They’ve built a splendid new reception area for the ferry traffic at Port Askaig since I was there last.The steep hillside has been cut back and the precipitous old road replaced with new tarmac – equally precipitous, but rather less alarming. The twists and bends have given way to a smooth and graceful descent that delivers you nicely to the door of the pub.But, arriving by night on the MV Hebridean Isles, this is still indisputably Islay. Gusts of wind and squally rain sweep over the deck and, as we pass through the Sound of Jura, hints of peat smoke drift on the wind to tell me we are nearing port.Despite the new building, and despite the pie and chips cuisine of MacBrayne’s ferry, it’s still an undeniably romantic landing.But, the vagaries of scheduling being my master, I now have to drive Islay’s length in an increasingly violent gale. Islay, it seems, is determined to shatter my elaborately constructed illusions.Next morning, however, dawned bright and clear with high clouds tearing over to Glasgow and Islay’s principal town, Port Ellen, sharp in the curiously clear island light. So I embarked on my trip to Lagavulin in high spirits.This, of course, is one of the island’s better known distilleries and, having been elected to Diageo’s Classic Six, the recipient of substantial largesse. Not that there was very much wrong with this robustly-flavoured single malt in the first place, but well-placed investment never hurt anyone.And that’s evident immediately you arrive. The road approaches the distillery quite suddenly, the buildings appearing all at once proudly purposeful, like well-drilled soldiers on parade. LAGAVULIN is picked out in stark black san serif letters on a low whitewashed wall. Not that you could be anywhere else, the distillery perched at the land’s edge, sea beyond and everywhere peat bog, yellow gorse and stunted trees.The tour runs along standard Diageo lines, with an admission charge of £3, discounted off shop purchases. It’s a pleasant, if undemanding, walk through the distillery from the front courtyard, where we admired nearby Dunnyvaig Castle in the sparkling light, to the concluding dram in the reception room, clad in traditional tongue and groove panelling.There were really only two surprises.Marjorie, our helpful and friendly guide, seemed at pains to show us the distillery’s computerised control system. It looked pretty similar to any other and this emphasis on high technology did rather jar, particularly when contrasted with the historical slant of the distillery guide.Marjorie herself was a fund of local knowledge and quite the statistician, keeping up a steady bombardment of capacities, volumes, production rates and other vital information. I don’t believe she was ever flustered, despite some obscure questions from one particularly persistent gentleman on our tour. She did however, surprise me (this is surprise number two) by pausing to point out a large gravestone on the wall of the filling store.This may well be a unique feature, and the story behind it is certainly worth hearing in person – so I won’t spoil the effect!After the tour we adjourned to a reception room for a farewell dram. A portrait of “Restless Peter” Mackie, in superb full Highland dress, kept watch over us. Afigure of seminal importance in Lagavulin’s story, indeed in the whole story of Scotch whisky, he was then sadly ignored and there was nothing to explain just why his portrait was accorded this entirely justified place of honour.Still, a similar fate befell Ozymandias.Given the things you don’t get at Lagavulin, such as a corporate video, pushy shop or intrusive gadgetry, the gentle pace of the tour was delightfully old fashioned in its approach. Like the whisky produced there, the Lagavulin tour is to be slowly savoured and enjoyed strictly on its own terms. Lagavulin Distillery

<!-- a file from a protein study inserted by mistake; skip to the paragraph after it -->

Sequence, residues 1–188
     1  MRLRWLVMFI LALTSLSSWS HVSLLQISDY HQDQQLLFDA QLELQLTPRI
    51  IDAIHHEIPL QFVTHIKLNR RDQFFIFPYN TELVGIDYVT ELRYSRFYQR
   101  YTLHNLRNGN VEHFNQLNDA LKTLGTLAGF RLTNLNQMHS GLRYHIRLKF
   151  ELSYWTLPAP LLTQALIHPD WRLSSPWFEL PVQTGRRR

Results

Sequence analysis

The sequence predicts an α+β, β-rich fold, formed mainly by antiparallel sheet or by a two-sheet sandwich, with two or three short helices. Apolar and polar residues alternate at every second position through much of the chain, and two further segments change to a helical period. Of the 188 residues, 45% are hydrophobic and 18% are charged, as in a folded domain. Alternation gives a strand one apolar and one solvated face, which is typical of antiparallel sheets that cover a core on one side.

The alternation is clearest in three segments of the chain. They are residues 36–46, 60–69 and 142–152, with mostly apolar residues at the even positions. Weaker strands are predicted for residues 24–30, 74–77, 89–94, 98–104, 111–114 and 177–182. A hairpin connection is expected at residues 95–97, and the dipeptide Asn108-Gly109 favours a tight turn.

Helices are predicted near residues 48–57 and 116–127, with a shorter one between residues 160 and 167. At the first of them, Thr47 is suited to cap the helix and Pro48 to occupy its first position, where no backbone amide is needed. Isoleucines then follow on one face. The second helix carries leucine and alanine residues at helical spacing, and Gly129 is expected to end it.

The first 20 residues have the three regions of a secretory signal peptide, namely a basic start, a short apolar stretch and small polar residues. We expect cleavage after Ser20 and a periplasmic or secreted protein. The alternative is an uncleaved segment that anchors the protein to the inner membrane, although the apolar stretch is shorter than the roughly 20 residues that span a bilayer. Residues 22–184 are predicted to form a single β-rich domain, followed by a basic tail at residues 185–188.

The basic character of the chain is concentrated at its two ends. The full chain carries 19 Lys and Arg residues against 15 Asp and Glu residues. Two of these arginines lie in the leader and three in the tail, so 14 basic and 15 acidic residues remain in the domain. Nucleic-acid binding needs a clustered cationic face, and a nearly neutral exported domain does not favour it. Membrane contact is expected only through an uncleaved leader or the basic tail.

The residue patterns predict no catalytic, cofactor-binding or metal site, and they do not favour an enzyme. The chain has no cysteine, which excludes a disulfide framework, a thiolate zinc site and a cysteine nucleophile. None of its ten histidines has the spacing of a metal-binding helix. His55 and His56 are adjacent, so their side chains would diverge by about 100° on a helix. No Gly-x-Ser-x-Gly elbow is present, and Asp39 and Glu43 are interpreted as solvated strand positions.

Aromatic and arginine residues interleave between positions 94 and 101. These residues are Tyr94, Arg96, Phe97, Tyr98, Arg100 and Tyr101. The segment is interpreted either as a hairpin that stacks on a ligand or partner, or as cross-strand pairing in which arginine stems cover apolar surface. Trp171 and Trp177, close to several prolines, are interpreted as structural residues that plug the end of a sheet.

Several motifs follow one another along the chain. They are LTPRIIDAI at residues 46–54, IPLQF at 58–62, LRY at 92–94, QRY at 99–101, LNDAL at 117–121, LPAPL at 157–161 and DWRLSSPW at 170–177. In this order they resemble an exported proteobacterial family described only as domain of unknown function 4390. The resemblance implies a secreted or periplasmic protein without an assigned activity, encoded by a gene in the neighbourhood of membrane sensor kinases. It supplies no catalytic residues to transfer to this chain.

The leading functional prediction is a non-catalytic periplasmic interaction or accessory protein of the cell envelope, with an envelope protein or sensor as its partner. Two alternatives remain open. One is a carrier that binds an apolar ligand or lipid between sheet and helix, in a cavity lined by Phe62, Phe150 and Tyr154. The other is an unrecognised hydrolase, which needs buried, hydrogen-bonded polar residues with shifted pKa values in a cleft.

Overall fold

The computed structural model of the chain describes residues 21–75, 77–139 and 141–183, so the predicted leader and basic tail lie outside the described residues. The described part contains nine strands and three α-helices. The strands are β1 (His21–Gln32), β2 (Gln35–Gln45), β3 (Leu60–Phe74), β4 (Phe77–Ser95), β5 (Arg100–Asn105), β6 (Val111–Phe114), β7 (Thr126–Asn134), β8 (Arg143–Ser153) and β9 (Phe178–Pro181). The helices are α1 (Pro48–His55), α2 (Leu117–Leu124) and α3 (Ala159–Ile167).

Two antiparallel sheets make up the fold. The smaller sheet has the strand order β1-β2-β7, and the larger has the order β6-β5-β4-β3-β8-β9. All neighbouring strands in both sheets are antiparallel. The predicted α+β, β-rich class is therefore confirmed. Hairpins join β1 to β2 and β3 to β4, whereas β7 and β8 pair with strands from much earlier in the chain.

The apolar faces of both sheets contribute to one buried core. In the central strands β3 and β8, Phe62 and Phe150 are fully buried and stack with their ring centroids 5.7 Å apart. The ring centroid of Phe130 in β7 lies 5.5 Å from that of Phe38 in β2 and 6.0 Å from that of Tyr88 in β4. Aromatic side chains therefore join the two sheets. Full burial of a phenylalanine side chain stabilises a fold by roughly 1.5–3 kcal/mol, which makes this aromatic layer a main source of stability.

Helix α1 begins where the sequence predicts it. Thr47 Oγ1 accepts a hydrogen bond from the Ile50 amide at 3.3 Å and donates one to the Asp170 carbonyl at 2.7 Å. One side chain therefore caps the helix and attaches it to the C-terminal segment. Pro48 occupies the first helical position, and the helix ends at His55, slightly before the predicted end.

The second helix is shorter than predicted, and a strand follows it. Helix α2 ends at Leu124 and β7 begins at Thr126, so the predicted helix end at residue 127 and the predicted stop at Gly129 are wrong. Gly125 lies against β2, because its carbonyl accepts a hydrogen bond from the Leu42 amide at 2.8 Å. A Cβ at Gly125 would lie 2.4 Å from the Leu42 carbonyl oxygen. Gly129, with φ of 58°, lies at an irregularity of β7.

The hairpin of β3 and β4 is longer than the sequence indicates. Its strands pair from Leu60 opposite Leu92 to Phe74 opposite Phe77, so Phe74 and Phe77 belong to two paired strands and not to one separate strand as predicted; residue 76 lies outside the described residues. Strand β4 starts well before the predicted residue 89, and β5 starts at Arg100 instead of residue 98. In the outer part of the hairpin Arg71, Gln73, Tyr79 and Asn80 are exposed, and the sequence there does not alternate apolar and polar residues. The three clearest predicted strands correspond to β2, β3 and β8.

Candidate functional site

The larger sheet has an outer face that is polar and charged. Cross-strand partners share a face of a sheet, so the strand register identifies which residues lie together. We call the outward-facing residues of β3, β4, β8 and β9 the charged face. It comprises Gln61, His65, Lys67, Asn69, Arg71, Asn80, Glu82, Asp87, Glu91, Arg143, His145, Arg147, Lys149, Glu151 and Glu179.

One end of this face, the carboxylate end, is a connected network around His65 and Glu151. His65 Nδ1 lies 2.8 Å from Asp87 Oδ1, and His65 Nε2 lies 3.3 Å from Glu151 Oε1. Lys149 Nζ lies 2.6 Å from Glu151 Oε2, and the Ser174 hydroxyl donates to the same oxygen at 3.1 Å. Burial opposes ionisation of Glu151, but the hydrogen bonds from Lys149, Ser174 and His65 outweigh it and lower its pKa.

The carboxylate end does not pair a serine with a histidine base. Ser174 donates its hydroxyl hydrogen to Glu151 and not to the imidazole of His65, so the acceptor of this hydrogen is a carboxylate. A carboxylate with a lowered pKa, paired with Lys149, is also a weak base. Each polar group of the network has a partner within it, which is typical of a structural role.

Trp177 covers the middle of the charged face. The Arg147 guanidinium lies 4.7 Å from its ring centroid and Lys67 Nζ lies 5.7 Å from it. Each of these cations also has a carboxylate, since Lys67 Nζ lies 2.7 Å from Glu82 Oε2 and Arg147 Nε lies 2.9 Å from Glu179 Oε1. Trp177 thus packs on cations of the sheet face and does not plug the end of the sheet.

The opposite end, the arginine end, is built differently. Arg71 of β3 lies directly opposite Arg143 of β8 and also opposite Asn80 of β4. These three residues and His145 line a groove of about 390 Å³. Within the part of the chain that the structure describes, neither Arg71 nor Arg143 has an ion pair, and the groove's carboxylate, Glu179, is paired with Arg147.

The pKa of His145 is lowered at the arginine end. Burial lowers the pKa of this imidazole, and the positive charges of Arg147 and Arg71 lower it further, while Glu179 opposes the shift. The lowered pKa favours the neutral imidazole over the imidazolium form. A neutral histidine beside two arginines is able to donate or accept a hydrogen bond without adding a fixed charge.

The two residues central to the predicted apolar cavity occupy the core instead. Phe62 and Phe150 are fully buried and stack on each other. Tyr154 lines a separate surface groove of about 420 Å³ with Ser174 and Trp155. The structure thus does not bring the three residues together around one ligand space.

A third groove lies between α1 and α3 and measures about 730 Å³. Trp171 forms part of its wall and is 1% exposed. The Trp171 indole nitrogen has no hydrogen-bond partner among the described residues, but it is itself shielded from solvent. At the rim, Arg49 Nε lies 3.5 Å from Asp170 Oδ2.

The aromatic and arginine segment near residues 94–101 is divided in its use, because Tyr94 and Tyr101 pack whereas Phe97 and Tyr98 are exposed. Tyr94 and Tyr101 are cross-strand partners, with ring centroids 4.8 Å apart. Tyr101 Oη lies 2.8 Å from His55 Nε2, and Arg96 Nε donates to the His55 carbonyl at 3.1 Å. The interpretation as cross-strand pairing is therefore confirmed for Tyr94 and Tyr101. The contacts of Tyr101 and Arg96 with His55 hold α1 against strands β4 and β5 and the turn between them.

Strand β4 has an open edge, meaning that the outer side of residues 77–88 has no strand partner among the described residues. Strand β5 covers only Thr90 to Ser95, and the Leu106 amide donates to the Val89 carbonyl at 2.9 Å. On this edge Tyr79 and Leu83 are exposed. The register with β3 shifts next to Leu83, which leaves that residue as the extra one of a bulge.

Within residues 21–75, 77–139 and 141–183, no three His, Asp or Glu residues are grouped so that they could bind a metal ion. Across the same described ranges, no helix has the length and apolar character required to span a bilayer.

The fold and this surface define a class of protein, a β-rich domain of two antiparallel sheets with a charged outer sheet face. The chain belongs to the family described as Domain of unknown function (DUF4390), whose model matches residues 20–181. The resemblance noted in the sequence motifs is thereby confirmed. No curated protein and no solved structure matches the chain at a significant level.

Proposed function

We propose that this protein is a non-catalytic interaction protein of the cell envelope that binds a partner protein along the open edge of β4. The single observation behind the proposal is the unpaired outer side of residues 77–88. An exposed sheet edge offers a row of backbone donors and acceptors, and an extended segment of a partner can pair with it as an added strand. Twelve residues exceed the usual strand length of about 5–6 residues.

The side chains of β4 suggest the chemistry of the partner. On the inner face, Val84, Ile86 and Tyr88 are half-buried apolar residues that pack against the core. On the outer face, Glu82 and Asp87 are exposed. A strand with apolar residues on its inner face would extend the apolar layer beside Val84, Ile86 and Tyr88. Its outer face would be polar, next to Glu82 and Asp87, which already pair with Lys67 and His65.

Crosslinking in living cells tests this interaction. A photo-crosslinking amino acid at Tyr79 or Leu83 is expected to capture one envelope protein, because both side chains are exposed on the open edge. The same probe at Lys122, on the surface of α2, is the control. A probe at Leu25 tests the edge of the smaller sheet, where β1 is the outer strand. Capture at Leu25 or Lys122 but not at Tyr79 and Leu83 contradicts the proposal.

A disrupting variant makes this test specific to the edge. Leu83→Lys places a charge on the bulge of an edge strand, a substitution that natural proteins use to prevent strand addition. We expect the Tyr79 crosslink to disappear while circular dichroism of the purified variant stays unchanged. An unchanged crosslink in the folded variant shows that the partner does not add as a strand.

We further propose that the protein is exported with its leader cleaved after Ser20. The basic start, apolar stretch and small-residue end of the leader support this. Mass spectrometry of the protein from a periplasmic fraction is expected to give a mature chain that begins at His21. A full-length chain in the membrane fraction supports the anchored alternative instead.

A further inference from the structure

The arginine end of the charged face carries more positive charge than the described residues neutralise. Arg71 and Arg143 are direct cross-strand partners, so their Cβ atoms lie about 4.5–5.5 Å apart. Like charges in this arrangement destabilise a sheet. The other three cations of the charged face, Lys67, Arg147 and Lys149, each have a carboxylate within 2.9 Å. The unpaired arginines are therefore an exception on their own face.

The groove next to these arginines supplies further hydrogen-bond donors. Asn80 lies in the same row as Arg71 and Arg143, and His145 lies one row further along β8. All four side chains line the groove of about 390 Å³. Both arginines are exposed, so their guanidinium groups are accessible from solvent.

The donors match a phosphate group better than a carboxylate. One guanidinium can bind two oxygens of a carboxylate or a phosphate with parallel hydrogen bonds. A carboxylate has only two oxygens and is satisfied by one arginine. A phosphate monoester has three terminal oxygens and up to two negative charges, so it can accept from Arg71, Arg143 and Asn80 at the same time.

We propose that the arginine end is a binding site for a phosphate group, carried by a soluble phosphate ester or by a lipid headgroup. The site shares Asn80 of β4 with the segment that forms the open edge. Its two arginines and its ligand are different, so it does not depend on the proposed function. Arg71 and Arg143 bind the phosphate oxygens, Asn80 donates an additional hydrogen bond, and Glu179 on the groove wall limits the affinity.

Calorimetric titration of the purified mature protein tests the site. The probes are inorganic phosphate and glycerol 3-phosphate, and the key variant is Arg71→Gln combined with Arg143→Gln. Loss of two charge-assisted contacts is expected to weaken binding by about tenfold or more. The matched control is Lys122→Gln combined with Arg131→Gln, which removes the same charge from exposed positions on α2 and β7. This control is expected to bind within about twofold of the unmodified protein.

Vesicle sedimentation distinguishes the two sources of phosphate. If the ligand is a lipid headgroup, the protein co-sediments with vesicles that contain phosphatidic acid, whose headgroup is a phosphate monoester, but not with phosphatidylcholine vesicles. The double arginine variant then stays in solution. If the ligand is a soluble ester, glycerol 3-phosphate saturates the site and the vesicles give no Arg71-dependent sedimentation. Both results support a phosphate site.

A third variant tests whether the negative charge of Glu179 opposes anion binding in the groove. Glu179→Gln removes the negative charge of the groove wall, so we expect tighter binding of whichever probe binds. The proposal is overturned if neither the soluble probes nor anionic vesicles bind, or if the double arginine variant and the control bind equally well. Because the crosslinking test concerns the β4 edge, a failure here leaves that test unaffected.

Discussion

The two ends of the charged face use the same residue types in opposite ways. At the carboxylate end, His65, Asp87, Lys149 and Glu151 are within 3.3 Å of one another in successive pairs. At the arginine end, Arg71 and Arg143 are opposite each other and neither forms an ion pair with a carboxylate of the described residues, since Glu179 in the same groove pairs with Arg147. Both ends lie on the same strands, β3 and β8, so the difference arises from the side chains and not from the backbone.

Port Ellen, Islay.
Guided tours by appointment, Monday to Friday.
Details: +44 (0)1496 302400